The start of a new year is a chance to reflect on the past year and ruminate on our hopes for the year to come. Sure, it’s an arbitrary point in time based on our understanding of our planet’s position in space, but it’s a convenient point to pause. Today, some of the GeekDads and GeekMoms share our reading resolutions: what we’re planning to read in 2020.
I’ll note that we did have some discussion, and some writers prefer not to make resolutions or set reading goals at all: for some, things like the Goodreads challenges make it feel too much like a competition, “like we should feel guilty for not meeting reading goals.” Others find that having a quota or daily requirement makes reading feel too much like work. My own hope is that setting reading goals isn’t intended to shame others or make yourself feel guilty (though admittedly that can happen), but to provide myself with some reminders that there are books I wanted to read. For me, it’s a nudge, like a reminder to eat some fruits and veggies and not just cookies and candy.
So, let’s take a look at what’s on our lists!
Jonathan H. Liu
I am, as always, looking for ways to cull the stacks of books that are threatening to shove me out of my office space entirely. Last year I was hoping to get to more books written by authors I’ve enjoyed before—some of these are books in the same series, and others are just new standalone books. I still have a few of those left, like Exile From Eden by Andrew Smith (a sequel to Grasshopper Jungle), two more books in Joe Ide’s IQ series, and a couple books by Cixin Liu (author of The Three-Body Problem series). I’ve also got some series on my shelf that I just never got around to, and I figure I should dip into them to see if I like them, or if it’s time to weed them from my collection: the Illuminae trilogy by Jamie Kaufman and Jay Kristoff (Jim Kelly wrote about the first book back in 2015), the Seeker trilogy by Arwen Elys Dayton, and the Otherworld series by Jason Segel and Kirsten Miller. I really didn’t read as many middle grade novels or young adult novels in 2019, and those stacks are also growing, so I’m hoping to pick a few of those to read as well.
Although it’s not specifically about reading, I hope to make a big enough dent in my stacks (both by reading and weeding) to be able to reach my bookshelves without having to move stacks of boxes out of the way. And while I don’t know how realistic it is for me, I envy the way my six-year-old (pictured at the top of the post) reads books: voraciously and indiscriminately (whether new to her or old and familiar), in any position anywhere!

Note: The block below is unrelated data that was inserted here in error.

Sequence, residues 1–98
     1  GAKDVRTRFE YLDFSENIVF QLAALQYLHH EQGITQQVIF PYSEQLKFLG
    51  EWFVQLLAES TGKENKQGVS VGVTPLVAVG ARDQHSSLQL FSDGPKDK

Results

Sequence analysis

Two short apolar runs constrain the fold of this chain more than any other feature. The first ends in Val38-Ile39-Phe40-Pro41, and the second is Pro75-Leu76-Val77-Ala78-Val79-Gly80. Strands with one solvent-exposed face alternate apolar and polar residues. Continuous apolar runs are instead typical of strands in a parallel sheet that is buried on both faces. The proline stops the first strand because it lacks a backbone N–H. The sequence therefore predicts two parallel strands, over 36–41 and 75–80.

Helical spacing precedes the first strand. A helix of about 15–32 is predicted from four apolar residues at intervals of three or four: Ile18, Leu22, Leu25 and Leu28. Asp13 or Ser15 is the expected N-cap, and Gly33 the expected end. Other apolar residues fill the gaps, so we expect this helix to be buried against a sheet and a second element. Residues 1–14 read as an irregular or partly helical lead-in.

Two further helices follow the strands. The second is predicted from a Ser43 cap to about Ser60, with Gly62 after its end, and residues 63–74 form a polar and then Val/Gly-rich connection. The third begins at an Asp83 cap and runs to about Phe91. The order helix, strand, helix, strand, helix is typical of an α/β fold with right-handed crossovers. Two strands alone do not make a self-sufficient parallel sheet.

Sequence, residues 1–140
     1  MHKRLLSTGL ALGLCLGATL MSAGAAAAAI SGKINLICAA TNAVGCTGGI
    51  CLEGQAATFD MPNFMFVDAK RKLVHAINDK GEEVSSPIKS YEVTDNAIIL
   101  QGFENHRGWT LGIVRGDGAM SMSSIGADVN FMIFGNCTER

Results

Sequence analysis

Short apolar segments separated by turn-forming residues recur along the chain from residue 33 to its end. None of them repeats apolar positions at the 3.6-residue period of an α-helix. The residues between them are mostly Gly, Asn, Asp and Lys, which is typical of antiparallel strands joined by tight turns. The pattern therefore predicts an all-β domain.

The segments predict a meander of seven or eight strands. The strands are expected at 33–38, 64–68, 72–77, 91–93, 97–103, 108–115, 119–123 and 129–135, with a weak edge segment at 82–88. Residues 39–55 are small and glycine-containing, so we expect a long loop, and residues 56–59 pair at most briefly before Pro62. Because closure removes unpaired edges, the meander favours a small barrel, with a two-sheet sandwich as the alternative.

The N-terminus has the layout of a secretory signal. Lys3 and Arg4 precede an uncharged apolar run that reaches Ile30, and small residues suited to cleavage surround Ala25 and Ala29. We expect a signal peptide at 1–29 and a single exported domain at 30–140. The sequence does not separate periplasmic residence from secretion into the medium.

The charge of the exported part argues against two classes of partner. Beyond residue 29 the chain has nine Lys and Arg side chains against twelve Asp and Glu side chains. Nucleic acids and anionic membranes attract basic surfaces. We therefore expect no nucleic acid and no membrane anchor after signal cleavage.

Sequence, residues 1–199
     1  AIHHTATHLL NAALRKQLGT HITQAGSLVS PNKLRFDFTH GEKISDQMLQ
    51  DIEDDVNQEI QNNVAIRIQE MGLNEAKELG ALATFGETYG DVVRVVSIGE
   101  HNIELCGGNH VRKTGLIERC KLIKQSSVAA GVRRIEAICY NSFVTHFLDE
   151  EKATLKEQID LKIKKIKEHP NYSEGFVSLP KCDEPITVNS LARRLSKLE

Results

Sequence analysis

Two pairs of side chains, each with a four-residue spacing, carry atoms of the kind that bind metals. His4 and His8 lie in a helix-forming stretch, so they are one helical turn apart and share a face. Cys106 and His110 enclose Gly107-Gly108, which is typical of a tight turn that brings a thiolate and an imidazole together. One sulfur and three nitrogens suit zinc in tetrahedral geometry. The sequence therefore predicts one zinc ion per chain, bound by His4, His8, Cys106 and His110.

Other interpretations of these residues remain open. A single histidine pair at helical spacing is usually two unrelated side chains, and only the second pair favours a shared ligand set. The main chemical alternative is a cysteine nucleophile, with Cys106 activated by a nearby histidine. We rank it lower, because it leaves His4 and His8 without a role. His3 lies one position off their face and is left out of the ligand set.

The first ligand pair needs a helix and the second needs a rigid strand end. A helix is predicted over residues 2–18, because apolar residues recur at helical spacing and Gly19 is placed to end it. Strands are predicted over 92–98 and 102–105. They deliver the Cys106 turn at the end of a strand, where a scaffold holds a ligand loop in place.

My reading challenge this year is more of a goal than a challenge. I find challenges to be stressful and sometimes they involve reading books I just don’t enjoy. I understand needing to stretch your reading wings, but I prefer to keep to what I enjoy. Last year, my goal was to read all of Jane Austen’s novels but I failed miserably because I didn’t anticipate how hard they would be to get through. This year, I set a goal to read a book once every two weeks or once a month depending on how busy I am (and how big the book is). I set this goal mainly to remind myself to stay off social media and other electronic entertainment. I include manga, trade comics, and regular novels in this goal. It should make for a fun year.
Having largely failed in my 2019 reading resolution, my 2020 resolution is the same as last year: to find as many new books as possible that I’ll really enjoy.
In 2019, I failed in part because so much of what I did was re-reading, which makes it kind of difficult to find new books. In 2020, however, Jim Butcher is releasing Peace Talks, the 16th book of The Dresden Files, and Cory Doctorow is releasing Attack Surface, the third sequel in the Little Brother series. Thus I expect to have at least two genuinely satisfying books before the end of the year.